I have an awareness tea scheduled for today, in honor of Fibromyalgia Awareness Day. Today!
The plan is to talk about who it effects, how it effects them, and the best way to treat someone with Fibromyalgia, be it spouse, friend, or family member.
Because Fibro Awareness is not about telling a Fibromate all about treatment options and how they can help themselves.
No, that is every other day! lol. Awareness day is about making those who don't suffer understand those who do. It is about shrugging off the vicious lies and stigma attached to Fibromyalgia with a healthy dose of truth and statistics.
Today, at my tea event, I'm going to talk, too, about the myth: "All Fibromyalgia patients are fat, white, American suburban housewives looking for attention." Though I have a big speech prepared, I'm going to summarize it for you, My Friends, to spare you. ::winks::
Science is made up of theories. You get one in your head that seems logical and then you experiment and test until you prove or disprove it.
I'm going to throw out my theories and you can agree or disagree with them.
Let's look at the phrase "All Fibro patients are fat, white, American suburban housewives looking for attention."
I can see where this has become a popular myth because it is based on truth.
Let's look at the racial aspect. More white women suffer from Fibro than black, Latino, Arabic...etc. There could be many reasons for this. Not the least of which could be history. How much in the past did white folk sit back and relax while others did the work for them? If Fibro is hereditary, could the lack of exercise in our ancestors be the reason so many white women suffer today? I would say it is unlikely...but it isn't impossible. But we see cultural susceptibility all the time. It could be from diet, climate, heritage.
For example: According to diabetes.co.uk "African Americans tend to have lower average cholesterol levels than the general population. As nearly 40% of all African Americans struggle with hypertension, black patients and their doctors often focus on controlling blood pressure not diabetes. "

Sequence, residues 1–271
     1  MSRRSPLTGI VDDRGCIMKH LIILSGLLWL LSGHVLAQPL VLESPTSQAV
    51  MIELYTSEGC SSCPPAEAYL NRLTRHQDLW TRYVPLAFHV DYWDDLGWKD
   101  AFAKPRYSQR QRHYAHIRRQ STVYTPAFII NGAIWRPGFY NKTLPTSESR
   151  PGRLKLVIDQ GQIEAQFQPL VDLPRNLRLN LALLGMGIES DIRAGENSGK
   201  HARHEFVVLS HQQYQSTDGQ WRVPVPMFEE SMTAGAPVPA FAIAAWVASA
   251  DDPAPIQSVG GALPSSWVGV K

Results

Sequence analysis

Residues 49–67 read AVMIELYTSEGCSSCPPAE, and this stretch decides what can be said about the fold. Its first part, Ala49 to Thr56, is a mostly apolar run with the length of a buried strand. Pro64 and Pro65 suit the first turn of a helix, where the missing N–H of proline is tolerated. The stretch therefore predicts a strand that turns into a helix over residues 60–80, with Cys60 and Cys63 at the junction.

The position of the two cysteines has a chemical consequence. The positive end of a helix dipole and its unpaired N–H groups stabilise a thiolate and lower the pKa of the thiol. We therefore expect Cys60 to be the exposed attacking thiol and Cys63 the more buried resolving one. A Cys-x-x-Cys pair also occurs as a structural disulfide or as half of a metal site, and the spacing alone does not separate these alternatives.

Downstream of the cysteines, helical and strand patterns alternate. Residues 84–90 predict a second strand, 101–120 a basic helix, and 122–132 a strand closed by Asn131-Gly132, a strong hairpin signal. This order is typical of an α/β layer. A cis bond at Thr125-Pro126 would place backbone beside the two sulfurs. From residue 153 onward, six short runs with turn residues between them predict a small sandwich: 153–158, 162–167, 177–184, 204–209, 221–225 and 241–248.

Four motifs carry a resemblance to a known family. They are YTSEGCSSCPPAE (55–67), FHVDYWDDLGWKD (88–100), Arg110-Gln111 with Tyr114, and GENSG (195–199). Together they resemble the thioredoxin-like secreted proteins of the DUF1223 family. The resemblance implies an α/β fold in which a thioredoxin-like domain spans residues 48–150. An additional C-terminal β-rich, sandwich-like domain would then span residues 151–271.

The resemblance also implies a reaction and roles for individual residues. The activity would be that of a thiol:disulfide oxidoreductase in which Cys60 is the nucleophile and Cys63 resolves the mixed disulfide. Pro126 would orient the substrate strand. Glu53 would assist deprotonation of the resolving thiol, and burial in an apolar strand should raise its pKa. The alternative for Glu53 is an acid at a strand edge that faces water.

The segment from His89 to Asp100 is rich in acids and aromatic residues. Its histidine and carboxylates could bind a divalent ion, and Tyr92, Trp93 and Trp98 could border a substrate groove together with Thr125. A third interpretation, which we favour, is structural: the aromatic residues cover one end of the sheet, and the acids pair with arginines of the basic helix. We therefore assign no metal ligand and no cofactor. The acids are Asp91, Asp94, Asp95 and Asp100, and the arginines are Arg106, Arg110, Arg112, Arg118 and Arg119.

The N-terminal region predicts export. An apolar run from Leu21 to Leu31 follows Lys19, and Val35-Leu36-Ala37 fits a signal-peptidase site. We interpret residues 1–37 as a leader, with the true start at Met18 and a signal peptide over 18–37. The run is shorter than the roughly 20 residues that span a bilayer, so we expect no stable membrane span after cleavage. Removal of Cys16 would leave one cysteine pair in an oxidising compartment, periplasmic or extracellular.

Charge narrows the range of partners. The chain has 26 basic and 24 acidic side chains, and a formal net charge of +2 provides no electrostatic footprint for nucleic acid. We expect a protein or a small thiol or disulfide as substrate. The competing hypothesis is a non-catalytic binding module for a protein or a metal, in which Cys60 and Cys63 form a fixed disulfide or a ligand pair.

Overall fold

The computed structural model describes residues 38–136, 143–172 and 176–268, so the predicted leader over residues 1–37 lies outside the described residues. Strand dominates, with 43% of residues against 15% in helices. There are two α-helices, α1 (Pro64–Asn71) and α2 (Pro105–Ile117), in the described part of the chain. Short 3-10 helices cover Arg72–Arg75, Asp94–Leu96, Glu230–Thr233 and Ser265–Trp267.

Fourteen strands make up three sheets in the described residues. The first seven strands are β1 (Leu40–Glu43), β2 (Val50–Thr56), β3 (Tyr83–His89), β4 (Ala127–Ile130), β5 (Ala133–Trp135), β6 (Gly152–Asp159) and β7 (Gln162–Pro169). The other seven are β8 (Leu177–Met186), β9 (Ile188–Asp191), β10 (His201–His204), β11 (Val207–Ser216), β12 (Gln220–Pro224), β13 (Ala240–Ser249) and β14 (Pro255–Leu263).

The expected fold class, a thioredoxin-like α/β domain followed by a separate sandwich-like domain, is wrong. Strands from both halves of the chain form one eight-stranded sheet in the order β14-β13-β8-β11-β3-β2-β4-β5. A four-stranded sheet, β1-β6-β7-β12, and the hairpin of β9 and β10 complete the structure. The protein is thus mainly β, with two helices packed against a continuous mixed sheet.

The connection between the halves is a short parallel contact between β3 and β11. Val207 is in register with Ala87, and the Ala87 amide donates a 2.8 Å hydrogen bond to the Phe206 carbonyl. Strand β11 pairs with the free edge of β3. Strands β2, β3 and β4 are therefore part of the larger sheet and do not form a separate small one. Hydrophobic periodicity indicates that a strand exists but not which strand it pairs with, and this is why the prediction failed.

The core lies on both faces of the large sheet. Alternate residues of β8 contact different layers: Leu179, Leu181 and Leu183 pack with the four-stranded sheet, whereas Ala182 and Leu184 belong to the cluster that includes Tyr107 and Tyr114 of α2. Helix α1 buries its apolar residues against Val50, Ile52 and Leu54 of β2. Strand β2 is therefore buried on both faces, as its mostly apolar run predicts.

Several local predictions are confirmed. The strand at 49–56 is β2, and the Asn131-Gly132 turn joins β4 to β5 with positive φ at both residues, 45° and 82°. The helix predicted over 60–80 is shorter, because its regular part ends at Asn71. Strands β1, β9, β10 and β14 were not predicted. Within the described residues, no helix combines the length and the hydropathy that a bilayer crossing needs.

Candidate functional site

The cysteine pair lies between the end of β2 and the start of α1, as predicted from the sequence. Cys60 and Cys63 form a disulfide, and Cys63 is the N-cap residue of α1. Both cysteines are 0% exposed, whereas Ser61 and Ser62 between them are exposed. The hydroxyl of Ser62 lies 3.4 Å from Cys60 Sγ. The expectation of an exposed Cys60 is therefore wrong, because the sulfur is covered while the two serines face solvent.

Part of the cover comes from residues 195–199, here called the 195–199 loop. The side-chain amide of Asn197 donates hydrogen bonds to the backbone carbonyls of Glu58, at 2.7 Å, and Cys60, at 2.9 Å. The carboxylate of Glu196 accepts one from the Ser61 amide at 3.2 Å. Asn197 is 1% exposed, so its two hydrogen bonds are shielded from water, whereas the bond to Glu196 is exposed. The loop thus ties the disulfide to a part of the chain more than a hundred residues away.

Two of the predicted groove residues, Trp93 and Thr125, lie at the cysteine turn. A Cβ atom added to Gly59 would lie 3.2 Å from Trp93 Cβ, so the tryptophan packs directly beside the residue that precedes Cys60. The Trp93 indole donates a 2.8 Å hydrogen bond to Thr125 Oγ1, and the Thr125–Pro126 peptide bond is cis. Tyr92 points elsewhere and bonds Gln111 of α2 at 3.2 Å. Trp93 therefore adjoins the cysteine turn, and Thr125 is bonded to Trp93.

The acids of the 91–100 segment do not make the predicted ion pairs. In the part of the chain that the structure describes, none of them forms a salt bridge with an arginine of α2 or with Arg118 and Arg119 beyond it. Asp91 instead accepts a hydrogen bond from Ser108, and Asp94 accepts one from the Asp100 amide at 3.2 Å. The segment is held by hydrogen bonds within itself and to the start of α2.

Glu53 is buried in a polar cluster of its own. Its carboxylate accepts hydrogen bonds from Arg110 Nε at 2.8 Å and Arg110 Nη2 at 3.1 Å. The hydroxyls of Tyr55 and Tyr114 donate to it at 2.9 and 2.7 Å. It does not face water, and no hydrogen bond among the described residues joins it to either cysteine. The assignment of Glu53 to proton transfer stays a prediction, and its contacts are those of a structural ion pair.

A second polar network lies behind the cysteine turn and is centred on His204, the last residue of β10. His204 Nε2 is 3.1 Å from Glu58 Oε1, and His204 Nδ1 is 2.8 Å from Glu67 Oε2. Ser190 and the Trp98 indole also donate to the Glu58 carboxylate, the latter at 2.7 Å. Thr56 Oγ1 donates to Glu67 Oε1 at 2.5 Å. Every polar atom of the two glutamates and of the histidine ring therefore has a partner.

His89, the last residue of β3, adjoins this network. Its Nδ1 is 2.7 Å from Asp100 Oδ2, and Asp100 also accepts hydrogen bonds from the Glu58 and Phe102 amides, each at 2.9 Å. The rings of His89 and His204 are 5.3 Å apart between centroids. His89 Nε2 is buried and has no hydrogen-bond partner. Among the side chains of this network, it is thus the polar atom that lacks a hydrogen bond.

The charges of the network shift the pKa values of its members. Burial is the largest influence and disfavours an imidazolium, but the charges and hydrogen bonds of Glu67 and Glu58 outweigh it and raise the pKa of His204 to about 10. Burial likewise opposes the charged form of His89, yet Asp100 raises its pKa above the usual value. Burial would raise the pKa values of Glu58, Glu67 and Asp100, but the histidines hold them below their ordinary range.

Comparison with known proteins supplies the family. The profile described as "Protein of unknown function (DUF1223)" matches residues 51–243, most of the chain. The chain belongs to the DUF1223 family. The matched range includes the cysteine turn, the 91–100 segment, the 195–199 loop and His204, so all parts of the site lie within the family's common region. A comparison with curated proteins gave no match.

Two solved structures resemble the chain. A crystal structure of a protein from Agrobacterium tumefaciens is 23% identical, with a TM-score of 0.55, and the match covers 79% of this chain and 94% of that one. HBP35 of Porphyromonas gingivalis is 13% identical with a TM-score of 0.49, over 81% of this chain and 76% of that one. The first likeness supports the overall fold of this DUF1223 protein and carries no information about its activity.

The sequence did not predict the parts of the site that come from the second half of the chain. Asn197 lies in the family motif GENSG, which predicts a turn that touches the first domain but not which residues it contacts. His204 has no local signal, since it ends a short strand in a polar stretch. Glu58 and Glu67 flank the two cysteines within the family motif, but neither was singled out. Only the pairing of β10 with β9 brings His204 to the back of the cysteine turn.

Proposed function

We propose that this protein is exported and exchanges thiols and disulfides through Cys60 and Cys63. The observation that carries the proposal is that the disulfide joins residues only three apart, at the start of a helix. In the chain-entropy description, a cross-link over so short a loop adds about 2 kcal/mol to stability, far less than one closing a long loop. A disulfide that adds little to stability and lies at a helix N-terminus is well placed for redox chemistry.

Now how about countries where women are barely recognized as animals? How extensive is the testing for Fibromyalgia going to be there? So Arabic or middle-eastern women who suffer might not ever be diagnosed. I won't go off on a rant here, but I don't live there, so I cannot speak on the subject with fact, only speculation.
The point is that all bodies are different. Just because one group tends to suffer more than others with a certain affliction, does not and should not detract from its credibility.
"American suburban housewives..."
It is believed by some countries that American housewives made up the disease and the Pharmaceutical companies are making money pandering to them.
The United States is not the only country that has recognized Fibromyalgia, but we're the most well known. America can't sneeze without someone pointing a finger and mumbling "those damned Americans".
Some of us, as American sufferers, just have to do the same thing we did back in kindergarten. Ignore the idiots. In truth, there are some interesting treatments in other countries for Fibro, but you don't hear about them much because they're not "damned Americans".
And...fat, housewives. It does seem that way sometimes doesn't it? I look down and I see a woman who isn't super model skinny. I'm not out jogging my complex (I walk it. lol)and I'm a housewife. ::Gasp:: Oh my god! That must mean I'm making it up.